It should go without saying, but keeping the property clean and decluttered sends the right message. It doesn't matter if you plan on clearing everything up right before your tenants move in - they need to see it clean when they first come to visit. Furthermore, sprucing up the place could do wonders for an old property. A fresh lick of paint can do wonders for the interior. If there are clear signs that your HVAC needs replacing, bite the bullet and do it! The indirect benefit is that the tenants themselves are more likely to take good care of a home that has been taken care of by the owner. If you haven't put in the effort, why should they?


Difficult Tenants

Now, not all tenants are born alike. With some, things will be easygoing, but others can be a tad more difficult. You need to be able to handle such situations. Staying calm is essential in these situations. You should never take any comment personally and should confidently approach the problem. Sometimes, you might need to consider legal action, but this is the last resort. Still, you need to know what to do in that sort of situation too. You must learn to solve problems of this nature, as most landlords will find themselves dealing with difficult tenants at some point.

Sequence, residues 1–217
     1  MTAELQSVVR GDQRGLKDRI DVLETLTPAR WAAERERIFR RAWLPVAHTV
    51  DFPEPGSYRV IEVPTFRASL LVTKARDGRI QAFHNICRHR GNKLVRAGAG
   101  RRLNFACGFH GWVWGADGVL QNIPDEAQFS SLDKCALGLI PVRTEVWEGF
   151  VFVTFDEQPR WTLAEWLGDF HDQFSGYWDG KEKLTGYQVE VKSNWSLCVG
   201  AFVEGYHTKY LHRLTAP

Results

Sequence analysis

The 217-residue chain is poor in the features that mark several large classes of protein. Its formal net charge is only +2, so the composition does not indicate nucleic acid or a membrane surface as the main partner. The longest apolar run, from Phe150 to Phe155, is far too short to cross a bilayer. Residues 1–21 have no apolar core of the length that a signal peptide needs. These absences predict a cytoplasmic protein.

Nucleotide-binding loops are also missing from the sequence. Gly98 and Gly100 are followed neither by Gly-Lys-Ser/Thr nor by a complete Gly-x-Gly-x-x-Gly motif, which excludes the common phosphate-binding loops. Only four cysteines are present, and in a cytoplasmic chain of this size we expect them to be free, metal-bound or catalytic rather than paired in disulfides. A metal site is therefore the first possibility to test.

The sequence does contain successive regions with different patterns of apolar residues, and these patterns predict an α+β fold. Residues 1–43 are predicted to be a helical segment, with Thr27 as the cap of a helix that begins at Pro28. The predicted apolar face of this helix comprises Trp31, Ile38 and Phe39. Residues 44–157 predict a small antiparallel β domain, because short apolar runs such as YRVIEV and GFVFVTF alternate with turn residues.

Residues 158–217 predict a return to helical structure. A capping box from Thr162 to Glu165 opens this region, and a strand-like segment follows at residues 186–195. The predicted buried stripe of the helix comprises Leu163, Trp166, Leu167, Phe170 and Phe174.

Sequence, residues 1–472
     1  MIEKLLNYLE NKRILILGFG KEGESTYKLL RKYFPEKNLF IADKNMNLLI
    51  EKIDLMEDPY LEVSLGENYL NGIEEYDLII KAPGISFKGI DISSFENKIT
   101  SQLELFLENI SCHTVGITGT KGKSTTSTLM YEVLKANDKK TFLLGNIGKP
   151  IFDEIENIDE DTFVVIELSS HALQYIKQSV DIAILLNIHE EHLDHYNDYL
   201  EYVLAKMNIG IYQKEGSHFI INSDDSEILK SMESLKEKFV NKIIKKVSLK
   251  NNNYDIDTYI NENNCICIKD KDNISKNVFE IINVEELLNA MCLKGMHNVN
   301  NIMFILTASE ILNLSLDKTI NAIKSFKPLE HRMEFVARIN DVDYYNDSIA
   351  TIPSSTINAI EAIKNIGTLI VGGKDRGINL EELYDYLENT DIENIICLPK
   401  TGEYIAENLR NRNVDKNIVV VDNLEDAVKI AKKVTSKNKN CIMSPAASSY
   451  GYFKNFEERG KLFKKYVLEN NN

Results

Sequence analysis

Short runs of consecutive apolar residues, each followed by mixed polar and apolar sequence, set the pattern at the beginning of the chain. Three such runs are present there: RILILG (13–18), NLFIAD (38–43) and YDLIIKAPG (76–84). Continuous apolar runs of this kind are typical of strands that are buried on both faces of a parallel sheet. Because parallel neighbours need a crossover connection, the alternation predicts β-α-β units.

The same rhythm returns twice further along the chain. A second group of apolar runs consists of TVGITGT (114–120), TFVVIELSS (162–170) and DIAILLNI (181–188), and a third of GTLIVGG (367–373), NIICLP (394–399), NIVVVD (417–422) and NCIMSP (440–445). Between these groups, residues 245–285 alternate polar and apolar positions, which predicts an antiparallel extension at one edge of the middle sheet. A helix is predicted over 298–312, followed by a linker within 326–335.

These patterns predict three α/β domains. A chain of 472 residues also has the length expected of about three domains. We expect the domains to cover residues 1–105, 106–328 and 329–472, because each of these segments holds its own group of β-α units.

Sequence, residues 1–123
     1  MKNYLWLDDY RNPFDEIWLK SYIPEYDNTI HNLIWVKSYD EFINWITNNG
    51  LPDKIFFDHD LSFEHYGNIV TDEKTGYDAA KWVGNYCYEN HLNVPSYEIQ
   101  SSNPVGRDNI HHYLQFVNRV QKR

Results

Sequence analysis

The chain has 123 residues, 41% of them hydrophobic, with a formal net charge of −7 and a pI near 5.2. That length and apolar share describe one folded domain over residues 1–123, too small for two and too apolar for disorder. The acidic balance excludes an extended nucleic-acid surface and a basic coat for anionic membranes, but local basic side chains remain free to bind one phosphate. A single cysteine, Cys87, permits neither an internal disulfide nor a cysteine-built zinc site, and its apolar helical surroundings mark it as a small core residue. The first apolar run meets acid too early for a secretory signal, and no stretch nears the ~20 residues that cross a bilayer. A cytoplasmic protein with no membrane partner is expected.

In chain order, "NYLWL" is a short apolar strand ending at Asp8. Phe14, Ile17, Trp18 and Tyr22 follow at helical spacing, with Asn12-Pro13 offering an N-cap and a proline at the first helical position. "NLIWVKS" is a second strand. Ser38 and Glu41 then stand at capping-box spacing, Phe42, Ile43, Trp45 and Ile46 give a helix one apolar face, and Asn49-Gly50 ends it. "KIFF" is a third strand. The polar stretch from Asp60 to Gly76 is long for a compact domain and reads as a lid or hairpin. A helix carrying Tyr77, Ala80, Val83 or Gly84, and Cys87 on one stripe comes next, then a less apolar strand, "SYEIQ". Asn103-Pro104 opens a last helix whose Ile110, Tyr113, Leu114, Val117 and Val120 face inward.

Honesty is the best policy. We've all heard it said and with good reason. Be clear about how you plan to divide the responsibilities. Don't tell them you will cover the utility charges, and then when it's time to pay, tell them this is their expense. Be trustworthy, and don't go back on your word. Sending an e-mail or two once you agree on an issue is also not a bad idea. Having things in writing is always handy should a misunderstanding unfold down the line.


What to do With Your Things?

We talked about the need to declutter and offer a tidy space for your new tenants. There will be things in your property that you need, but your tenants most certainly won't. That grand piano may be a precious family heirloom for you, but to them, it could just represent part of an obstacle course in an overcrowded living room. The best solution would be to find some cheap storage for these possessions. Keeping only those items that are essential could be helpful in this regard. Paying long term can also help reduce costs. If you dig a little, you are sure to find some low budget options out there, and rest assured that all the work one needs to invest in finding a cheap storage unit always pays off!


Happy Tenant Hunting!

There you go, how to maintain a good relationship with your tenants! It mostly boils down to common sense and thinking about how you, yourself, would like to be treated had the roles been reversed. Of course, there are legal aspects to a landlord-tenant relationship you should know about, but you know where to find this information, now don't you? An open and amicable relationship works in everybody's favor, and there is no reason why you cannot create one with your tenants. Once that has been done, well, maybe and only then, being a landlord becomes a piece of cake!

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Being a landlord may seem simple, but there is more to it than meets the eye! Here is how to maintain a good relationship with your tenants.